In March 6th this year 2015, Mr. Diego Rivera posted this at Facebook. A friend of mine that I have wrote something about here tagged me just today and it’s only now that I have known of this. My friend says she feels very sad for the kid for having a hard time eating (yet managed to finish the serving on her own). I would love to know this kid more and talk about her here. I hope this post will inspire more people to treat us better and to respect our rights and privileges in the society. Through this, my friends and I hope to stop discrimination, promote social awareness, and rally for equal opportunities (particularly with employment) for people with disabilities.
My friend Lyle was born male. Named John Kyle Tutor, she said she just coined her nickname that way to make it sound like her other boy name. She had always been effeminate and her choice of gender was highly respected by everyone in her family. She says she is very lucky for having the kind of family she has because, compared with others just like her, her choice was never doubted; they just accepted her decision with not much ado.
Outside of her clan, however, was a different story. Although her home life has been happy and easy, in the real world was the exact opposite. Not only was she mocked for being a member of the third sex; she was, worst of all, constantly bullied for walking with a limp.
When she was yet a toddler, she was in the care of an aunt when Lyle was diagnosed with poliomyelitis (or commonly called polio), a highly infectious viral disease that targets the spinal cord affecting mainly young kids. It results in paralysis of one or both lower extremities, thus one or both legs. It is debilitating and crippling in worst cases. For my friend Lyle, vaccination was too late.
With the unwavering support of her loving family, she vowed to be oblivious of what the world has to say about her. What mattered most was the fact that she stood by her Live and Let Live philosophy: as long as she doesn’t hurt anyone, she has also the right to live her life like everyone else, no matter what.
Lyle is a graceful spirit loved by everyone she has come to touch the lives of. She loves to have fun, and she’s never boring to be with. She tries to be there for her nieces and nephews, and she catered to the family business alongside her parents and other siblings.
She has the knack for business. Just recently, she branched out of the family business to set up her own niche in the same food industry with a franchise– and blessings– from her family. Her career keeps her busy, but she never fails to be there for those who need her.
Through sheer will power, happy disposition, and a resilient faith, she has managed to triumph over her handicap. That’s my friend Lyle.
Special people, like the mentally retarded and the physically disabled, in the olden days, were considered second class citizens who ought to keep out of sight. Despicable and shameful, they were treated like animals, left to rot in oblivion to live out their lives in misery and suffering. Whether they are indeed accidents of nature, borne of the scourge of the gods, or some kind of genetic anomaly, one thing is for certain: it’s not their fault how they turned out to be.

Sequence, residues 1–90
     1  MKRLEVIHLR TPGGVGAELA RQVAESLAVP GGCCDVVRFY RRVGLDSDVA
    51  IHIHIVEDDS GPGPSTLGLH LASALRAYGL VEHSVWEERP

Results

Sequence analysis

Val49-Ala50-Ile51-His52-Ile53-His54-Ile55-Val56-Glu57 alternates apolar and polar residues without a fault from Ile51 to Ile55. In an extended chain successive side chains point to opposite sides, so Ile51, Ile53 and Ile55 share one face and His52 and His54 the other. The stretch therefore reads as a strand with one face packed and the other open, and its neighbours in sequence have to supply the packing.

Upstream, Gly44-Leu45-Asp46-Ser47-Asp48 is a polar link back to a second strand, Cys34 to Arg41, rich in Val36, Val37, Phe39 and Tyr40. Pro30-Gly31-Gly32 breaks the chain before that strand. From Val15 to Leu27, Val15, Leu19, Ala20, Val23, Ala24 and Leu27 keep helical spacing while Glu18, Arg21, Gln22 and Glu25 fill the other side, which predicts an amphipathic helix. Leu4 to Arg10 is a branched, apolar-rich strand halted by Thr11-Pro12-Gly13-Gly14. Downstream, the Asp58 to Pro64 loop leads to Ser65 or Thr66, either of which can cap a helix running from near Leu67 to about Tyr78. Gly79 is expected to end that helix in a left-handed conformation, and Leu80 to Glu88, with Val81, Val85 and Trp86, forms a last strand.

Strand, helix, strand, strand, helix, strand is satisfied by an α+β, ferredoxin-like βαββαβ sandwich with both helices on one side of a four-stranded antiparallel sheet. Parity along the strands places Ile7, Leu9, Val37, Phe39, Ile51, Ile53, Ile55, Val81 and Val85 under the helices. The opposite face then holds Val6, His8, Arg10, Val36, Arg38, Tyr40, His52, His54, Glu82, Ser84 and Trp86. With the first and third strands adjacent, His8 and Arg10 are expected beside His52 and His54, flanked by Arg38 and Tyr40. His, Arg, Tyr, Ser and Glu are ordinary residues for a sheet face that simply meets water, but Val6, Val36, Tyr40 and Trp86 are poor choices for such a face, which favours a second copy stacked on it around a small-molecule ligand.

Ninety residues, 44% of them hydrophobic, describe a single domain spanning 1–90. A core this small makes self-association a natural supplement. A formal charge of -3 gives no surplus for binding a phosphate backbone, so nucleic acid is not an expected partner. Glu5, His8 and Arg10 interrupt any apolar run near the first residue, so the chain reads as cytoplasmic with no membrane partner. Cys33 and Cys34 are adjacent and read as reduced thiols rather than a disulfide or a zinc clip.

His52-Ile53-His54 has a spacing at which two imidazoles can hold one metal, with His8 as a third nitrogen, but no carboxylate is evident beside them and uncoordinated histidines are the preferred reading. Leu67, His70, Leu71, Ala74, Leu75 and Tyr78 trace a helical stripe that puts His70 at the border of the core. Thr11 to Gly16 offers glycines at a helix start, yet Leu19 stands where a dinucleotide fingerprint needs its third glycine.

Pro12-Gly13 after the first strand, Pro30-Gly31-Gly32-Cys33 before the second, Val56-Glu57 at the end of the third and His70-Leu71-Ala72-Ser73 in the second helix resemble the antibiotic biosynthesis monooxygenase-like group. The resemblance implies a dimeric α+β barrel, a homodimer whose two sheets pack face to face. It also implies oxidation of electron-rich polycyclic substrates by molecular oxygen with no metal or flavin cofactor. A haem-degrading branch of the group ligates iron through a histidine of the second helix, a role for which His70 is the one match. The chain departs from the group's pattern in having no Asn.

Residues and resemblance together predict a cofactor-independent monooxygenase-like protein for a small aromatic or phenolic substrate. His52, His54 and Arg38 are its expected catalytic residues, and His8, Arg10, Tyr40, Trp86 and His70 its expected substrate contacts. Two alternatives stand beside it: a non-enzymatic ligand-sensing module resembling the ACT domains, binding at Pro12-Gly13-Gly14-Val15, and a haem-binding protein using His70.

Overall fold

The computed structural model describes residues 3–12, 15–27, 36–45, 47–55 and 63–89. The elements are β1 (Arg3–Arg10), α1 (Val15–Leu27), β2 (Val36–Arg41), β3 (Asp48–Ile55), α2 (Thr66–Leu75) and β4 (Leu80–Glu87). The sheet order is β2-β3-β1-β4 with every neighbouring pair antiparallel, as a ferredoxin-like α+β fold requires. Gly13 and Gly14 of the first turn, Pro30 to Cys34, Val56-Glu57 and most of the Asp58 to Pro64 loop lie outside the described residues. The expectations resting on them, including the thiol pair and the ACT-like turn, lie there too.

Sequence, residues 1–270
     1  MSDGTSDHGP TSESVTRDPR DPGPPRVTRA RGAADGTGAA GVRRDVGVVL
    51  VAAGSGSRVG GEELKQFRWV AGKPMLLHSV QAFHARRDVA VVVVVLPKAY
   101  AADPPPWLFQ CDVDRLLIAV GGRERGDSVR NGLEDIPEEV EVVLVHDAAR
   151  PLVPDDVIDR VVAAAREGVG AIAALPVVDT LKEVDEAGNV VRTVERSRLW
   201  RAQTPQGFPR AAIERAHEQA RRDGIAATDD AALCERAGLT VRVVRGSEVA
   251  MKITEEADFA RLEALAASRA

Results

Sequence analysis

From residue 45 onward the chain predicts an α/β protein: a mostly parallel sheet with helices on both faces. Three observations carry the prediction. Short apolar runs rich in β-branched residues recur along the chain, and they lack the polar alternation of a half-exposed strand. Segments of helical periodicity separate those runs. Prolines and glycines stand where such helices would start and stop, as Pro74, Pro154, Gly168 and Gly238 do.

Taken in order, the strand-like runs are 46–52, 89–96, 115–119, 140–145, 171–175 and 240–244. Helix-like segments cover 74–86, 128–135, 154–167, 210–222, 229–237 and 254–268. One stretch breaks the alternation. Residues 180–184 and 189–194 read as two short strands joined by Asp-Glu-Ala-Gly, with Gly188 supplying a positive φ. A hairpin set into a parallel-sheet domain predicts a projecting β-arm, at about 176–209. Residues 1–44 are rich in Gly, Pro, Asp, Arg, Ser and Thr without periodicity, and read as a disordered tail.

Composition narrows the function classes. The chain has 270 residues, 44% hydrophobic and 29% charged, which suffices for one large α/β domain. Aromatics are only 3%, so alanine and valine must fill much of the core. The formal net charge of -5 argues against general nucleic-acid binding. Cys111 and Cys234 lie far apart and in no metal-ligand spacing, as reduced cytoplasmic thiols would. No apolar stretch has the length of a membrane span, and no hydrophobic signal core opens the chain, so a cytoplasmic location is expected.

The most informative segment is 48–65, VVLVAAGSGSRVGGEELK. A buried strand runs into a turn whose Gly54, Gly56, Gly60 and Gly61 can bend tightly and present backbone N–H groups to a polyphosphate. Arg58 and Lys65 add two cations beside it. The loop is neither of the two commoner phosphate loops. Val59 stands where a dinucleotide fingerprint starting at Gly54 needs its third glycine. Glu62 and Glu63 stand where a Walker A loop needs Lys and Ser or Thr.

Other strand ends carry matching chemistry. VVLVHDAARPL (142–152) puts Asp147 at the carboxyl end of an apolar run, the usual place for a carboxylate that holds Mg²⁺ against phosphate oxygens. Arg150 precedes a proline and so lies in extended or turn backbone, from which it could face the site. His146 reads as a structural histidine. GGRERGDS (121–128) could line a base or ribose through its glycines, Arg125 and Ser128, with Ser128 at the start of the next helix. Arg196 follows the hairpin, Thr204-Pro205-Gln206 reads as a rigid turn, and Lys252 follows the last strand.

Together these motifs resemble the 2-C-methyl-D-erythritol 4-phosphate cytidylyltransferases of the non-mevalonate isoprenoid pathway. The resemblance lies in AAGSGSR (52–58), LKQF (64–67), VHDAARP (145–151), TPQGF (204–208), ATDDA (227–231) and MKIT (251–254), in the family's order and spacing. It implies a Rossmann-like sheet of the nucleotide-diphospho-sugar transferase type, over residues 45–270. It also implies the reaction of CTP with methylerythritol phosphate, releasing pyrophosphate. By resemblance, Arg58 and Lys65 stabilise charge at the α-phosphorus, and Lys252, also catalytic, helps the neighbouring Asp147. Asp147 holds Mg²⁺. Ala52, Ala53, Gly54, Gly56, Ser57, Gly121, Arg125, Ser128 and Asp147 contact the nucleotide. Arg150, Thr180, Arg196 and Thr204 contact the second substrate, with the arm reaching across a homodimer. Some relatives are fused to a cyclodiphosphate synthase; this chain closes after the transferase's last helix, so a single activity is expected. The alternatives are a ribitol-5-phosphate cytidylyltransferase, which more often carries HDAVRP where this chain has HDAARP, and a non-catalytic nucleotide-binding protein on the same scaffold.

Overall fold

It has been a long time that I have been messing with the web, but it never occurred to me to seek out people with the same condition, or to even just research about it. Having been born with a congenital defect, at 37 years old, it was just last week that I decided to explore the world where one-half of me is an endemic inhabitant.
Initially, I surfed, read, followed links, to no avail. My oddity, so to speak, cannot be found. Images, images, images- my eyes watered and I burnt candles for nights-but, nada. The gross and the macabre were in front of me (thank God I only have this kind!); my heart broke to see worse persons than I am.
Browsing for images yielded no positive result, so I turned to reading until my eyebags got swollen and my eyes bulged like burbots‘. It’s so elusive- there must be something! What, I’m not even among the categories and types? Later, I realized that I had a hard time because I wasn’t using the right tags. But how could I, since I myself was at a loss as to what my deformity was called like!
Finally, I got to Adams-Oliver Syndrome and then eventually to Amniotic Band Syndrome. I could fit in to either of them, but I still need more time to delve deeper. One fact, though; whichever syndrome I get to ‘fit in’, I am the only one with this kind of foot defect. For, NO TWO CASES ARE EVER ALIKE.
Consequently, I will be spending more time learning about my deficiency. Prior to last week, I’ve never encountered both syndromes before. I guess I didn’t really give much thought to my defect as much as I should have, in my feeble attempt to ‘belong’ with the masses. Nevertheless, I’m grateful for having had such understanding family and friends to have had the chance to be considered ‘normal’ in spite of what I truly am.
For that, I am very grateful; and I feel truly blessed.